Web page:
Barb doesn't believe that she is doing anything wrong in questioning her faith. In fact, she believes that the scripture points towards her new-found understanding: that women can hold the priesthood, they can lead their families, they can--as she attempts to do to Margene--make blessings. But her views are radical and go against the status quo. They're perhaps more dangerous than Bill realizes, even as he looks to straighten up the compounds and reform them altogether.

But each of the wives is struggling in their own way. As Barb opens herself up to new experiences, to wine and dance classes and Sunstone, she's looking for something to hold onto, something to live for amid wide-sweeping change in her life. She's looking to experience things outside her worldview, to challenge herself and her faith. Bill believes her to be careening, but Nicki believes that Barb has set in motion a deliberate plan.

In offering Margene a blessing, Barb nearly breaks a holy sacrament. But it's clear that Margene is aching for something as much as Barb, and Barb attempts to help the both of them, to connect them to Heavenly Father and to something larger, and more powerful, than themselves. If Nicki hadn't have intervened, I believe that Barb would have gone through with the anointment. But while Nicki sees her actions as blasphemous (something that Nancy echoes later), Barb clearly is looking to create equality in her religion, to offer feminine empowerment to the connection to their deity.

Barb has always chafed against the constraints of her plural marriage throughout the series' run, testing the boundaries of her marital contract and at times fleeing the confines of their shared homes. It's only natural that she would begin to question the fundamentals, to open her eyes to another way of living, one that's not based in abstaining from experiences but embracing it.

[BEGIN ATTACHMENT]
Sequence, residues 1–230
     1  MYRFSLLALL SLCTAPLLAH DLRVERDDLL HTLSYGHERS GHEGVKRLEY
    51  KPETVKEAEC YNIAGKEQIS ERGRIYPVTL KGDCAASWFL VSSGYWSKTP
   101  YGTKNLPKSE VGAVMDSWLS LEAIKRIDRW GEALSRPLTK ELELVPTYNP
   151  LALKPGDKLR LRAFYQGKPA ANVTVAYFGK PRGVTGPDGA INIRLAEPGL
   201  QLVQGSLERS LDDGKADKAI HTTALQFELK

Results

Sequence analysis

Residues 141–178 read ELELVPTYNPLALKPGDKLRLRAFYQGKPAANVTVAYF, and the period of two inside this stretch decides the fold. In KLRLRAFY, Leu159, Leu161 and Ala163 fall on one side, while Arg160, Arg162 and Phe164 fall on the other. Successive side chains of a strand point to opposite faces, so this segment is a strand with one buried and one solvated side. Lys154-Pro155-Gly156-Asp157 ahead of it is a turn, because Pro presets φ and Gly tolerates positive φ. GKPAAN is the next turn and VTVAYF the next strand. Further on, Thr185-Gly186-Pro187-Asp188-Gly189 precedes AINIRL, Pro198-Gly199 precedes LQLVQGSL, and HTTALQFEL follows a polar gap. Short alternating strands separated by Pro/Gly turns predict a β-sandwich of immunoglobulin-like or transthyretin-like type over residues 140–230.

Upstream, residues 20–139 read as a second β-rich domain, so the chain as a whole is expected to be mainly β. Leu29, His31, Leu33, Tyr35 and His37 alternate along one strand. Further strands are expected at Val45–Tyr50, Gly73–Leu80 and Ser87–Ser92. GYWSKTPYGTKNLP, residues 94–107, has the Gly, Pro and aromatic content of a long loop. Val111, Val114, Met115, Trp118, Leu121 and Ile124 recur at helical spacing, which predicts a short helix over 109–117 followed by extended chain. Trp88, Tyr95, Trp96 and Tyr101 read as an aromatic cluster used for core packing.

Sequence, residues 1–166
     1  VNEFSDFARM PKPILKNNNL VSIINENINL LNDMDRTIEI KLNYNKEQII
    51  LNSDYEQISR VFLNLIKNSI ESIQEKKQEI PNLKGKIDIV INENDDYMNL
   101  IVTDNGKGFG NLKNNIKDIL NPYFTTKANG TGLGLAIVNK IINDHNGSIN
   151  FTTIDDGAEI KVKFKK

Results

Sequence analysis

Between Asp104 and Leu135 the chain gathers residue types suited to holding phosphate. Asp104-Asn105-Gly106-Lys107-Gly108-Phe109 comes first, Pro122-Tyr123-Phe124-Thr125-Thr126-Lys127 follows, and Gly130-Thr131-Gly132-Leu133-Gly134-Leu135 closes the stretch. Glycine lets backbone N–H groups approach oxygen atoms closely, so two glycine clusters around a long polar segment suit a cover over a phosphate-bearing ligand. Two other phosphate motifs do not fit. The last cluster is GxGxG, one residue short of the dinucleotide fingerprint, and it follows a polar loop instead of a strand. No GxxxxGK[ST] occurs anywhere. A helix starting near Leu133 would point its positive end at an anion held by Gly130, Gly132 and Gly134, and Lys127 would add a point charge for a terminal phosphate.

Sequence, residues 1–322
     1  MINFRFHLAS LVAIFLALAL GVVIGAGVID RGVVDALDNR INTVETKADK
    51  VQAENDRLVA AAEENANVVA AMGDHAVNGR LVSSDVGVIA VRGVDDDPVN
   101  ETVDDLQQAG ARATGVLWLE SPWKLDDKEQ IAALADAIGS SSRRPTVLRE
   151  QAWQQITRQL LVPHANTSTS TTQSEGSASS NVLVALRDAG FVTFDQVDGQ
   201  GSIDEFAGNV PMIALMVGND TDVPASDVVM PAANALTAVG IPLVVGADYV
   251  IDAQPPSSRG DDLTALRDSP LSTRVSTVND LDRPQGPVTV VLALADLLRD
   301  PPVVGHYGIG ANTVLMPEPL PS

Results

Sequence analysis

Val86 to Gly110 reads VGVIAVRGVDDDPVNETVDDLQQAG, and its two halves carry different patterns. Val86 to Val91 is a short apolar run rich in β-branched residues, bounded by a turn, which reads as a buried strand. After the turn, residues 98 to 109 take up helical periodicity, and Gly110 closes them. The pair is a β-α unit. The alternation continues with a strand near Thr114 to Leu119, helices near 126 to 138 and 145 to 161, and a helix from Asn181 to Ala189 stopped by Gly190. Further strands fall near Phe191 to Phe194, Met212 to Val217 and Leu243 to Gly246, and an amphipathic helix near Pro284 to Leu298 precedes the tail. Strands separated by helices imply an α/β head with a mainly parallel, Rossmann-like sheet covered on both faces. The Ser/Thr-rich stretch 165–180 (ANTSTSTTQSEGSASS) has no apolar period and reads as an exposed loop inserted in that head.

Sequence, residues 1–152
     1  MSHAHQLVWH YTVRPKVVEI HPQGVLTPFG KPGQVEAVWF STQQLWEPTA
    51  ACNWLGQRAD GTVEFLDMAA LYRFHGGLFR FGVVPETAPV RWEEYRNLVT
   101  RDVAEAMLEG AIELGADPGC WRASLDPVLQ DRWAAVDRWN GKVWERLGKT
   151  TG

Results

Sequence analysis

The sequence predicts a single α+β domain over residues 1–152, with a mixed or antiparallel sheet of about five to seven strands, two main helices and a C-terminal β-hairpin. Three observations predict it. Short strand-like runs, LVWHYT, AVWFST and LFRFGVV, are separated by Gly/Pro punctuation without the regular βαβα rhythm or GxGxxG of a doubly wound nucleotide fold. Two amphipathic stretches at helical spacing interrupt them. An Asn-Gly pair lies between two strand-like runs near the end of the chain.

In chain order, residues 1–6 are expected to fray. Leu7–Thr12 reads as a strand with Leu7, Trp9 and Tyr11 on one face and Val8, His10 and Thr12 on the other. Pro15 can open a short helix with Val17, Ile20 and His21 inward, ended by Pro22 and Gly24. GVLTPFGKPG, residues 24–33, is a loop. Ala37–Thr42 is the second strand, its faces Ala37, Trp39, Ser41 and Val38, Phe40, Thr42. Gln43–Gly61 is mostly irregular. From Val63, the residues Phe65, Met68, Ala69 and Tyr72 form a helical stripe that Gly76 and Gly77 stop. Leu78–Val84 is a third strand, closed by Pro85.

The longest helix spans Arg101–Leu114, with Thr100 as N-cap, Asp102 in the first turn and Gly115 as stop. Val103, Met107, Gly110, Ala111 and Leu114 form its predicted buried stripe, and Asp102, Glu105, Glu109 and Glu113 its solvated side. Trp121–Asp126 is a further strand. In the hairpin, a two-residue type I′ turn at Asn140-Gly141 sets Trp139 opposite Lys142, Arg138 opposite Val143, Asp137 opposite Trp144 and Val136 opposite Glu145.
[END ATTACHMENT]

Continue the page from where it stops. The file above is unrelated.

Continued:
Margene, on the other hand, is certainly careening. Her mother is dead, her business gone, Ana and Goran are being sent packing. She feels as though she too has lost her way in life. Returning to the trailer park where she lived with Ginger, Margene finds the grounds deserted, the only reminder that people had once lived there the disused power outlets amid the swirling dust. She's clinging to her lost past, to the music she enjoyed as a child, holding onto Anna with such fierceness that she inadvertently knocks the pregnant woman to the ground in her frustration with Bill.

Goji Blast might offer her a home-business, but it's not a long-term solution for the problems facing Margene. She doesn't want to expand their family, she doesn't want to carry a fourth child. She's a high school dropout who has woken up to wonder just what happened to her life. And while she loves her family, she can't help but cry to Cara Lynn, to offer herself up as a cautionary tale, to shock the teenager into following her own dreams.

Margene did get out of that trailer park, but her life didn't turn out the way she imagined. But that's, at its heart, the nature of life in general. Fortunately, the final scene points towards some possibility of happiness, as Margene finally does smile, seeing Bill bathe little Nell, a moment of domesticity amid the sadness.

And then there's Nicki, so clearly projecting (as Margene tells her) her own experiences onto Cara Lynn, reeling from the realization that Cara Lynn and Gary Embry are heading towards a romantic relationship. (That kiss on the stage after Mathletes was a dead giveaway.) Forcibly sealed to a much older spouse, Nicki doesn't see what happened as "rape," but she clearly doesn't want her daughter to be trapped in the way that she was. Nicki rails against everyone around the girl: Barb for giving her a copy of "Our Bodies, Ourselves," Margene for terrorizing her with tales of her unhappiness, her math teacher Mr. Ivey (Christian Campbell) when he won't offer Cara Lynn individualized tutoring sessions.

Nicki's behavior towards Barb, however, are beyond the pale. Criticizing her first for her gift of "Jane Eyre" to Cara Lynn, she lashes out at Barb at Home Plus upon learning that the second book was also her gift. She uses the opportunity to remind Barb of her failures: of Teenie's dirty magazine habit and of Sarah's pregnancy. Her words are cruel and caustic, verbal blows upon Barb's character, brutal reminders of how her daughter "defiled her body." It's shocking and awful.